EU­GENE JARVIS

EDGE - - VOXEL PERFECT - Co-founder, Raw Thrills

Eu­gene Jarvis, along with Larry DeMar, is the co-creator of ar­cade clas­sics De­fender and

Robotron: 2084. He also de­signed Smash TV – a spir­i­tual suc­ces­sor to Robotron – with Mark Turmell, and is re­spon­si­ble for the Cruis’n rac­ing se­ries, which he has re­cently up­dated with a new cabi­net – Cruis’n Blast – cre­ated by Raw Thrills, the ar­cade-game com­pany he co-founded in 2001. You’ve turned down a num­ber of de­vel­op­ers who’ve ap­proached you to work with them on projects – why was Nex Machina dif­fer­ent? I think there are some won­der­ful game me­chan­ics in some of the clas­sics, and to re­visit those ti­tles now and then can be fun. But it’s re­ally tough, be­cause you have a game that works so well in 2D, and there’s al­ways this huge risk when you try to bring that into 3D. It’s like 3D chess – as won­der­ful as it is in 2D, when you bring in an­other di­men­sion, your brain ex­plodes. But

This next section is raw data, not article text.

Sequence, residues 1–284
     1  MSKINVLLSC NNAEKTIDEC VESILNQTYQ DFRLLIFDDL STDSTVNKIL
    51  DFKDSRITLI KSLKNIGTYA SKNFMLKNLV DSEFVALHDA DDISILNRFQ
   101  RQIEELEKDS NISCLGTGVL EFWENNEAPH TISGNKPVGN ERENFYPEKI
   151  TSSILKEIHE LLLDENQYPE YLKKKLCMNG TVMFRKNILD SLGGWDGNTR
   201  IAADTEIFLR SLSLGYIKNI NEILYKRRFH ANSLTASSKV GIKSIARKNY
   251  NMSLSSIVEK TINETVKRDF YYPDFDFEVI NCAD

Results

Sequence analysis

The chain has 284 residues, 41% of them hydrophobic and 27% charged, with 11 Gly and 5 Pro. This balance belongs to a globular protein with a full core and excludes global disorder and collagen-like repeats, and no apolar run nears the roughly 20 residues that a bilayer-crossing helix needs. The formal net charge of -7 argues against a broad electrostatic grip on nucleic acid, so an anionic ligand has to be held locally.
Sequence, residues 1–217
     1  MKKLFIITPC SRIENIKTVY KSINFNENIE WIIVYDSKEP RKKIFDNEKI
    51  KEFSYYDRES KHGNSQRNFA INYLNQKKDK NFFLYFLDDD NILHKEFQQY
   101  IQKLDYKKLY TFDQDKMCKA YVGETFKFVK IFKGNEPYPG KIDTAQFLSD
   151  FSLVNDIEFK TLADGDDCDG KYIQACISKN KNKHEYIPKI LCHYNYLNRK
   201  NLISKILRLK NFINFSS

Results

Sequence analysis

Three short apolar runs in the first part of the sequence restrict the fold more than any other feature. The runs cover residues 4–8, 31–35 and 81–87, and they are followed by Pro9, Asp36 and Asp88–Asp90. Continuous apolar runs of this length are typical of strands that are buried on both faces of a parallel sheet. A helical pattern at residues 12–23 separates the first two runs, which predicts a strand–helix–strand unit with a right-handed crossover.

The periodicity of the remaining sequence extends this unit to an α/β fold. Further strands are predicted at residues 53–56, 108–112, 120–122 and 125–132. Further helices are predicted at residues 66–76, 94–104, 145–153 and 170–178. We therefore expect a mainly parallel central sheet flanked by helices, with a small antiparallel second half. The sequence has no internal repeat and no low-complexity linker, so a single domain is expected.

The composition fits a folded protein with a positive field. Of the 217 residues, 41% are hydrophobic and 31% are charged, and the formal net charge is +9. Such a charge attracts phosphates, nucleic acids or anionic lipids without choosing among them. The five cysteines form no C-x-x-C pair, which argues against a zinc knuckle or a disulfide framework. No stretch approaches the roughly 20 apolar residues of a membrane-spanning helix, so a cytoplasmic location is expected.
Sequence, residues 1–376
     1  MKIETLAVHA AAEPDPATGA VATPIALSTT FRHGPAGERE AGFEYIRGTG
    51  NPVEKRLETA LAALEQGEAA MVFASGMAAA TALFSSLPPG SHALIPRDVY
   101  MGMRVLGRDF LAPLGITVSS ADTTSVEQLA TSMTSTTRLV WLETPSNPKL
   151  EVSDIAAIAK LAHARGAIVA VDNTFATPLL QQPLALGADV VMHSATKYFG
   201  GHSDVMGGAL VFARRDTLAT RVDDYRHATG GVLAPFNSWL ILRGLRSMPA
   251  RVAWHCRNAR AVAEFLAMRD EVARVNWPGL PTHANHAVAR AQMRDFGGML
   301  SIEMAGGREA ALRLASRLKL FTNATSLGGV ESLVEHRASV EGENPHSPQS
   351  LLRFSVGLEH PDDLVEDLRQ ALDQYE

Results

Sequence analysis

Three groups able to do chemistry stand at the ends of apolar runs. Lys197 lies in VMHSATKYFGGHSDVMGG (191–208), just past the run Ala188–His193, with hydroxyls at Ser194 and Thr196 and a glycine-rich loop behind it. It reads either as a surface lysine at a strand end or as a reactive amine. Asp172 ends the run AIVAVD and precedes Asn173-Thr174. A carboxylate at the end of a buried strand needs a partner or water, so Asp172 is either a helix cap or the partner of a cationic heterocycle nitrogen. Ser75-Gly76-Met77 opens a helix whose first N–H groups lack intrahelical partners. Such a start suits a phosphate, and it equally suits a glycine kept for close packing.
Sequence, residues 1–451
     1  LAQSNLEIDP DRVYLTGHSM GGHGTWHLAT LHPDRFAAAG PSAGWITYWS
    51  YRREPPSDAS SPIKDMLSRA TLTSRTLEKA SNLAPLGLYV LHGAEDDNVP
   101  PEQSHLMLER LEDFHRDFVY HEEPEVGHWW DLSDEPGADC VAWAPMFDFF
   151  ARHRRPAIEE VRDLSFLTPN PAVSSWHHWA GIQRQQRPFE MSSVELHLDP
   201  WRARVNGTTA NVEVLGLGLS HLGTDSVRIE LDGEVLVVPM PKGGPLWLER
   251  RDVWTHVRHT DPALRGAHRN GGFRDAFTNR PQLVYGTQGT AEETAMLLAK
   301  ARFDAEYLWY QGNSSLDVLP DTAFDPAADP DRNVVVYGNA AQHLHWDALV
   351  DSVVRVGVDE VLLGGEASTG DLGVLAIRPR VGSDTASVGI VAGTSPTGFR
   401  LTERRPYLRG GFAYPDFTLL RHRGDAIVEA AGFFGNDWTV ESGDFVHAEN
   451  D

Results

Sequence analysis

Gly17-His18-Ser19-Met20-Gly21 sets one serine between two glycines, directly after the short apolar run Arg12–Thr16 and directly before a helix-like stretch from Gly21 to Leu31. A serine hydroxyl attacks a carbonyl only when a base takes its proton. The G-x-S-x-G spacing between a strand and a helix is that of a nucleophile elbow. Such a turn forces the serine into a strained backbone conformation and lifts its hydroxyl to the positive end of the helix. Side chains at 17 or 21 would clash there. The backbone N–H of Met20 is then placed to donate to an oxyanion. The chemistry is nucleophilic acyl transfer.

Robotron is the game that I did which I think prob­a­bly has the most stay­ing power. There’s a sim­plic­ity to the game but also in­cred­i­ble depth. We re­vis­ited it in Smash TV years ago, and it’s been over 30 years since the orig­i­nal, so I thought maybe it was time. I just thought, ‘ Why not? Let’s give it a shot,’ you know? Plus I was re­ally ex­cited about Re­so­gun. It’s a re­ally fun game, and I loved the par­ti­cle ef­fects – which was some­thing I got re­ally ex­cited about years ago on De­fender. But in

Re­so­gun it was, like, to the tenth power! Nex Machina cer­tainly di­als up that as­pect. Yeah. Lis­ten, I re­mem­ber when I first saw